What is hydrocephalus?

Hydrocephalus is a condition in which excess fluid collects in the brain. The fluid, called cerebrospinal fluid, is produced in cavities located deep within the brain known as ventricles. The fluid fills the ventricles and flows into the spinal cord and out into the subarachnoid space where it absorbed. The subarachnoid space is a space between the layers of the membrane that cover the brain and spinal cord.

Normally, cerebrospinal fluid is absorbed as quickly as it is produced, so that the amount stays relatively constant. Hydrocephalus occurs when something blocks the flow or absorption of the fluid, or if an excess amount of fluid is produced. As the pressure of the fluid increases, the ventricles enlarge and the brain is pressed against the skull, damaging the brain tissue.

Hydrocephalus may be present at birth, and can occur with other abnormalities, genetic conditions, or infections. It can also occur after birth as a result of certain infections, bleeding in the brain, injury, or tumors of the brain or spinal cord. Unlike adult skulls, which are solid bone, infant skulls have fibrous tissue connecting the bony plates, allowing their heads to expand if hydrocephalus is present. With age, the fibrous connections ossify, or become bony, which means that the skull cannot expand if hydrocephalus occurs later in life.

Symptoms of hydrocephalus depend upon age, and may range from irritability, sleepiness, and poor feeding to vomiting, personality and memory changes, difficulty walking, and urinary incontinence. Treatment is aimed at fixing the cause of the hydrocephalus and relieving the pressure on the brain. It is not known how many adults are affected by hydrocephalus, but it is estimated that it occurs in about one in every 500 children (Source: NINDS).

Hydrocephalus can have serious complications, so it is important that it be evaluated and treated without delay. Seek immediate medical care (call 911) for serious symptoms, such as difficulty breathing, absent pulse or heartbeat, high fever (higher than 101 degrees Fahrenheit), seizures, severe headache, stiff neck, or severe sleepiness or drowsiness. Poor feeding, unusual irritability, high-pitched, shrill cries, and persistent vomiting in infants and children also need emergency evaluation.

Seek prompt medical care if you or someone you are with has symptoms suggestive of hydrocephalus, such as progressive memory loss, personality changes, difficulty thinking, increasing sleepiness, headache, coordination and walking problems, urinary incontinence, or vomiting. Additional symptoms in children may include slow growth, changes in facial appearance, increase in head size, and downward gaze.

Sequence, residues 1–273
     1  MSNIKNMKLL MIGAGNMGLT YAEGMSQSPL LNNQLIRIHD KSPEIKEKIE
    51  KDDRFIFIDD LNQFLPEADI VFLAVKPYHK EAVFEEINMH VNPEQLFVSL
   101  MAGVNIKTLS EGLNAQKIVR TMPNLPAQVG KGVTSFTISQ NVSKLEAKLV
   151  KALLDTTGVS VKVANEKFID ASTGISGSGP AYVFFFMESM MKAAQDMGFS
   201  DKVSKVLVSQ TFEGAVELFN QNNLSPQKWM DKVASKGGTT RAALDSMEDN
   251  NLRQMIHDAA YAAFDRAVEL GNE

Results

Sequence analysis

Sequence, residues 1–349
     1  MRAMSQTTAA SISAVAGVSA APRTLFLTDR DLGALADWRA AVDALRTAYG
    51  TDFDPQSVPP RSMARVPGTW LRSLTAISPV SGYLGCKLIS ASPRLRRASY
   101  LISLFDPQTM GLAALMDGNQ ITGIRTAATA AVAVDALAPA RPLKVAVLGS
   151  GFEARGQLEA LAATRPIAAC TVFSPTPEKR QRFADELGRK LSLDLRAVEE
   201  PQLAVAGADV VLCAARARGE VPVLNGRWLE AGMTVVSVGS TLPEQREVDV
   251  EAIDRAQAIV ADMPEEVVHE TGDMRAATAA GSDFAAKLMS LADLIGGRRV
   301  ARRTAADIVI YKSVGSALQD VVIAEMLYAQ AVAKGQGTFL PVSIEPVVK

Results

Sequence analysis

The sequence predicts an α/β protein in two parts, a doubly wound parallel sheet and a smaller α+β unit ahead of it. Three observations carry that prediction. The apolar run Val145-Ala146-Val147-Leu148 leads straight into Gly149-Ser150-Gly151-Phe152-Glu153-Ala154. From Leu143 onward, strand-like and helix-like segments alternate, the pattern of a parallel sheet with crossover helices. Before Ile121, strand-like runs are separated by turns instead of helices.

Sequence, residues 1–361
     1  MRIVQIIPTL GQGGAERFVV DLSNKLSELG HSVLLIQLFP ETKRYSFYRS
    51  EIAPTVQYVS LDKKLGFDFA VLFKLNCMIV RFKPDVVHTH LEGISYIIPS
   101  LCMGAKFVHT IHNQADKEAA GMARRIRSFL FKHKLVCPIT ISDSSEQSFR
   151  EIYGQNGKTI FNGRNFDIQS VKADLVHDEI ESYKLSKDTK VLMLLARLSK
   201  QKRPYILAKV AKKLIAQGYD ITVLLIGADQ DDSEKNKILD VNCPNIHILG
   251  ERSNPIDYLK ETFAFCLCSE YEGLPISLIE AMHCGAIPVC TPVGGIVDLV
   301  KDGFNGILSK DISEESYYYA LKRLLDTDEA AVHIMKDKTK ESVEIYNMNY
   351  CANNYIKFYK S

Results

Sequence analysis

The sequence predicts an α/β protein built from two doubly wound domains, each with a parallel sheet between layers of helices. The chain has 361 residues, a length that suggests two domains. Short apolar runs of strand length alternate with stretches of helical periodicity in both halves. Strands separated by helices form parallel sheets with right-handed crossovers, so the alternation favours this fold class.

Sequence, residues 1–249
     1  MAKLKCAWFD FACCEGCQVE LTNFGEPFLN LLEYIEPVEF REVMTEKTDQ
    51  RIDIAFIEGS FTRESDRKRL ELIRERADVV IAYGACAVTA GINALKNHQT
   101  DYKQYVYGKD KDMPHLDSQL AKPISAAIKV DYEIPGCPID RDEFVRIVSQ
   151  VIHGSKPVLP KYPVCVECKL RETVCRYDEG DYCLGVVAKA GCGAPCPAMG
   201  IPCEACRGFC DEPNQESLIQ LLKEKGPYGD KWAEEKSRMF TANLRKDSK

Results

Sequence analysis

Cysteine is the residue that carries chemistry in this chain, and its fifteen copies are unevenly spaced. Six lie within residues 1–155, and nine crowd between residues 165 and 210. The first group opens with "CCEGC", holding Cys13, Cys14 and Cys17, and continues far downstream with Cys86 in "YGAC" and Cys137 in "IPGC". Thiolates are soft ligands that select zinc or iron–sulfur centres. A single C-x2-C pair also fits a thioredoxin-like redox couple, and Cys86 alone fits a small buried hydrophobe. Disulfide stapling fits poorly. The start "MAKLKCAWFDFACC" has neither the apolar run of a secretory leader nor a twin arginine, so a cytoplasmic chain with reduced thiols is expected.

What are the symptoms of hydrocephalus?

Hydrocephalus symptoms can be quite subtle or very obvious depending upon age, rapidity of onset, cause, and how much damage has occurred.

Common symptoms of hydrocephalus in infants and small children

Infants and small children may not be able to express their symptoms directly, but some changes may be apparent including:


What causes hydrocephalus?

Hydrocephalus results from an imbalance between the formation of cerebrospinal fluid and its absorption. The cause of this is not always known.

In some cases, hydrocephalus can occur with other birth defects such as spina bifida (incomplete closure of the spinal cord) or it may be related to genetic abnormalities, infection, or trauma. Premature babies who have cerebral hemorrhage... Read more about hydrocephaluscauses


How is hydrocephalus treated?

The goals of treating hydrocephalus are treating the underlying condition, alleviating any blockage if possible, relieving pressure, and preventing ongoing brain damage.

Common treatments of hydrocephalus

Common treatments of hydrocephalus include:

Medical Reviewer: William C. Lloyd III, MD, FACS Last Annual Review Date: Aug 23, 2013 Copyright: © Copyright 2014 Health Grades, Inc. All rights reserved. May not be reproduced or reprinted without permission from Health Grades, Inc. Use of this information is governed by the HealthGrades User Agreement.

This Article is Filed Under: Brain and Nerves